by Sei Higuchi, Keiichi Irie, Ryuji Yamaguchi, Mai Katsuki, Maiko Araki, Makiko Ohji, Kazuhide Hayakawa, Shohei Mishima, Yoshiharu Akitake, Kiyoshi Matsuyama, Kenji Mishima, Kenichi Mishima, Katsunori Iwasaki, Michihiro Fujiwara
In this study, we examined alterations in the hypothalamic reward system related to high-fat diet (HFD) preferences. We previously reported that hypothalamic 2-arachidonoylglycerol (2-AG) and glial fibrillary acid protein (GFAP) were increased after conditioning to the rewarding properties of a HFD. Here, we hypothesized that increased 2-AG influences the hypothalamic reward system. Methods
The conditioned place preference test (CPP test) was used to evaluate HFD preferences. Hypothalamic 2-AG was quantified by gas chromatography-mass spectrometry. The expression of GFAP was examined by immunostaining and western blotting. Results
Consumption of a HFD over either 3 or 7 days increased HFD preferences and transiently increased hypothalamic 2-AG levels. HFD consumption over 14 days similarly increased HFD preferences but elicited a long-lasting increase in hypothalamic 2-AG and GFAP levels. The cannabinoid 1 receptor antagonist O-2050 reduced preferences for HFDs after 3, 7, or 14 days of HFD consumption and reduced expression of GFAP after 14 days of HFD consumption. The astrocyte metabolic inhibitor Fluorocitrate blocked HFD preferences after 14 days of HFD consumption. Conclusions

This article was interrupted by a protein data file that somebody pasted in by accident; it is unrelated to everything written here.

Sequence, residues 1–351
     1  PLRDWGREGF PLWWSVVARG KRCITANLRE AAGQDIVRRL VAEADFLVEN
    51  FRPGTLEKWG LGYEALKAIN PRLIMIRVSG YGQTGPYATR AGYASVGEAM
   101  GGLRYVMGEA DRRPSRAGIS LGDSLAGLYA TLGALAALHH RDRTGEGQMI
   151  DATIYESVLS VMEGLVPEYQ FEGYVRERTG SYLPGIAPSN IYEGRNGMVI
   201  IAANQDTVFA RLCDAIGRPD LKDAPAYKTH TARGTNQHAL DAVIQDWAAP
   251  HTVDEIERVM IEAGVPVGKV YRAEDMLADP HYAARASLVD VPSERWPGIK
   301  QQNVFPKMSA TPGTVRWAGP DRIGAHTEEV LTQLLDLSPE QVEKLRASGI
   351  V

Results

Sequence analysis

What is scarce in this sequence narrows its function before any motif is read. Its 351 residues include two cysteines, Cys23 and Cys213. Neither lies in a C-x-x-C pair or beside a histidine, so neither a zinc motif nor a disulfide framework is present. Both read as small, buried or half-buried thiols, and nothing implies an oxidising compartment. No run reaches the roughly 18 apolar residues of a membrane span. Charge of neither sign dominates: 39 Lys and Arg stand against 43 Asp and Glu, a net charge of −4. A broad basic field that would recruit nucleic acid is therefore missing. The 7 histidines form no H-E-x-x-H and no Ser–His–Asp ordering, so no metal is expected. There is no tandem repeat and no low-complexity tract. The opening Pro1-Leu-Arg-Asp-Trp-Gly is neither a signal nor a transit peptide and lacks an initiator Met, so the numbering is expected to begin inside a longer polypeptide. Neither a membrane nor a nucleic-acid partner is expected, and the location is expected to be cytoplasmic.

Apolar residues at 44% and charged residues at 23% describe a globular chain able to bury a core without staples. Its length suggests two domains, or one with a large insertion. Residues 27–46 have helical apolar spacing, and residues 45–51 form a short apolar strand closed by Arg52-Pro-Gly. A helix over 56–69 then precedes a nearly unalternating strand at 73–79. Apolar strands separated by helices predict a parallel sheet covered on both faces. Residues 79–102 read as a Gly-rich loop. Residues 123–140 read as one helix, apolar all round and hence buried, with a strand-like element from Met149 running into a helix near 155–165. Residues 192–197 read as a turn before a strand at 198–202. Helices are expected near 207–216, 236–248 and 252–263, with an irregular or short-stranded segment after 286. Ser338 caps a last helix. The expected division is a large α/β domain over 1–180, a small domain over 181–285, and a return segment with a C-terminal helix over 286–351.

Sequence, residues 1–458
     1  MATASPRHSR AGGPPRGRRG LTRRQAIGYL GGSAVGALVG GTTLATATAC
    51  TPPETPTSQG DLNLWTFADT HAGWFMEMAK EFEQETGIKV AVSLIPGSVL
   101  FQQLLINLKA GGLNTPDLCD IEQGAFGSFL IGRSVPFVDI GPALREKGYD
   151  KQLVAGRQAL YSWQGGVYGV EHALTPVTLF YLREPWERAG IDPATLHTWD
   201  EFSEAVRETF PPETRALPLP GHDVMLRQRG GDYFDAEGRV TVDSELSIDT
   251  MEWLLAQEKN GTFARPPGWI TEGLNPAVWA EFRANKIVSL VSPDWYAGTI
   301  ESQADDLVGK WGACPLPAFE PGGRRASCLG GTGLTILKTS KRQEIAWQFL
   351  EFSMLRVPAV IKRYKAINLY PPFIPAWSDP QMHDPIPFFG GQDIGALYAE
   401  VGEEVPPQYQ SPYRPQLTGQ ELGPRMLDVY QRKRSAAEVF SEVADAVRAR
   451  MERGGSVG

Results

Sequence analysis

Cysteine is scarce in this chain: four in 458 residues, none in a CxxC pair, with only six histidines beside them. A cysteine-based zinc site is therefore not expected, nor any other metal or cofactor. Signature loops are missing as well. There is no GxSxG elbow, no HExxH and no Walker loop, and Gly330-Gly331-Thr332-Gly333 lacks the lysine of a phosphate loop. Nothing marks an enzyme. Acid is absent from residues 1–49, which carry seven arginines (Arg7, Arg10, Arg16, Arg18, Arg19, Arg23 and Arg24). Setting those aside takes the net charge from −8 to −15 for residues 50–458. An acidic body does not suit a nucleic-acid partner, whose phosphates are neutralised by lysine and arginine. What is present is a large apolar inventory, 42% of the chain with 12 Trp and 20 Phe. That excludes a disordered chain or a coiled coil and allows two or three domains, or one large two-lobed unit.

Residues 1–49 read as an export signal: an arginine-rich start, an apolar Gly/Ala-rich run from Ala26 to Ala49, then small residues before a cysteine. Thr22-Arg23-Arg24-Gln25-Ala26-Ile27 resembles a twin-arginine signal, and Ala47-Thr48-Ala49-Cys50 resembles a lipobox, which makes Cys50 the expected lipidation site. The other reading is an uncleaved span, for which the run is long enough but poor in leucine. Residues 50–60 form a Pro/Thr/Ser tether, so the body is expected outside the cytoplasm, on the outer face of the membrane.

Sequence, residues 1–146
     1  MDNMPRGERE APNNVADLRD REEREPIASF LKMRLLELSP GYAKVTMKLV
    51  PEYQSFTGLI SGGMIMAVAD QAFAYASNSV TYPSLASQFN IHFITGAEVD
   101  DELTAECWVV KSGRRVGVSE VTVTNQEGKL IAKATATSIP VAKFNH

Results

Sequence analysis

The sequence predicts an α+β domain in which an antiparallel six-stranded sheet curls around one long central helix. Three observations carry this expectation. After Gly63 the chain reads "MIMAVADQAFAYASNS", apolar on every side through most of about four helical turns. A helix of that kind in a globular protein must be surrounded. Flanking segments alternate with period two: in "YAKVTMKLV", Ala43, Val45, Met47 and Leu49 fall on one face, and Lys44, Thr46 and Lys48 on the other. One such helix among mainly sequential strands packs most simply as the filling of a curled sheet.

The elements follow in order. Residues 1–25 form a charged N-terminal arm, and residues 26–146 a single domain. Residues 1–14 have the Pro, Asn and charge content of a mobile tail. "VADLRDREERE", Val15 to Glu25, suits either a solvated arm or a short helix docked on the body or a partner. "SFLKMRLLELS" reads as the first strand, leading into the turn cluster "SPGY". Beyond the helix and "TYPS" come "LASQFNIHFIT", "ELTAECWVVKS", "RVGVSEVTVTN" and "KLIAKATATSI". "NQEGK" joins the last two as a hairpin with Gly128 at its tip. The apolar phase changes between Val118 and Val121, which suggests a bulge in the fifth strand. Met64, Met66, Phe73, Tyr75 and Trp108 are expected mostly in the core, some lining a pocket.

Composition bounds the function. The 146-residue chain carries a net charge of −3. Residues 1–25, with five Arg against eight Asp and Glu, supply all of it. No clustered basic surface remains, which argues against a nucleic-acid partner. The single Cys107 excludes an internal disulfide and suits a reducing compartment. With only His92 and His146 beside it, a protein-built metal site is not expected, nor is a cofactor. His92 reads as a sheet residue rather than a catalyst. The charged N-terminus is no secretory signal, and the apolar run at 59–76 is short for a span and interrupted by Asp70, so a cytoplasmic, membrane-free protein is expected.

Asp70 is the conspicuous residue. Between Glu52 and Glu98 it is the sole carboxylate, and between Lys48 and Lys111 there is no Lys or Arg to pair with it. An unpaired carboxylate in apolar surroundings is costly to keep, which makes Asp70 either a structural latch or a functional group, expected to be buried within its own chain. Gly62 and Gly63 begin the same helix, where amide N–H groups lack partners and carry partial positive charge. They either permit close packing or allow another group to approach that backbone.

High levels of 2-AG appear to induce HFD preferences, and activate hypothalamic astrocytes via the cannabinoid system. We propose that there may be two distinct stages in the development of HFD preferences. The induction stage involves a transient increase in 2-AG, whereas the maintenance stage involves a long lasting increase in 2-AG levels and activation of astrocytes. Accordingly, hypothalamic 2-AG may influence the development of HFD preferences.